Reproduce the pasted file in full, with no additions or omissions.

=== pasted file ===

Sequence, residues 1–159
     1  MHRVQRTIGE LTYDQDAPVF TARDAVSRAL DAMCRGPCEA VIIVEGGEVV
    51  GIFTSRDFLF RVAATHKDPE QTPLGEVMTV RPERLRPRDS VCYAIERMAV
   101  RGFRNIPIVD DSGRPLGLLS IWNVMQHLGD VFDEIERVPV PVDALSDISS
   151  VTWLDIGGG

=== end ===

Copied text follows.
Sequence, residues 1–159
     1  MHRVQRTIGE LTYDQDAPVF TARDAVSRAL DAMCRGPCEA VIIVEGGEVV
    51  GIFTSRDFLF RVAATHKDPE QTPLGEVMTV RPERLRPRDS VCYAIERMAV
   101  RGFRNIPIVD DSGRPLGLLS IWNVMQHLGD VFDEIERVPV PVDALSDISS
   151  VTWLDIGGG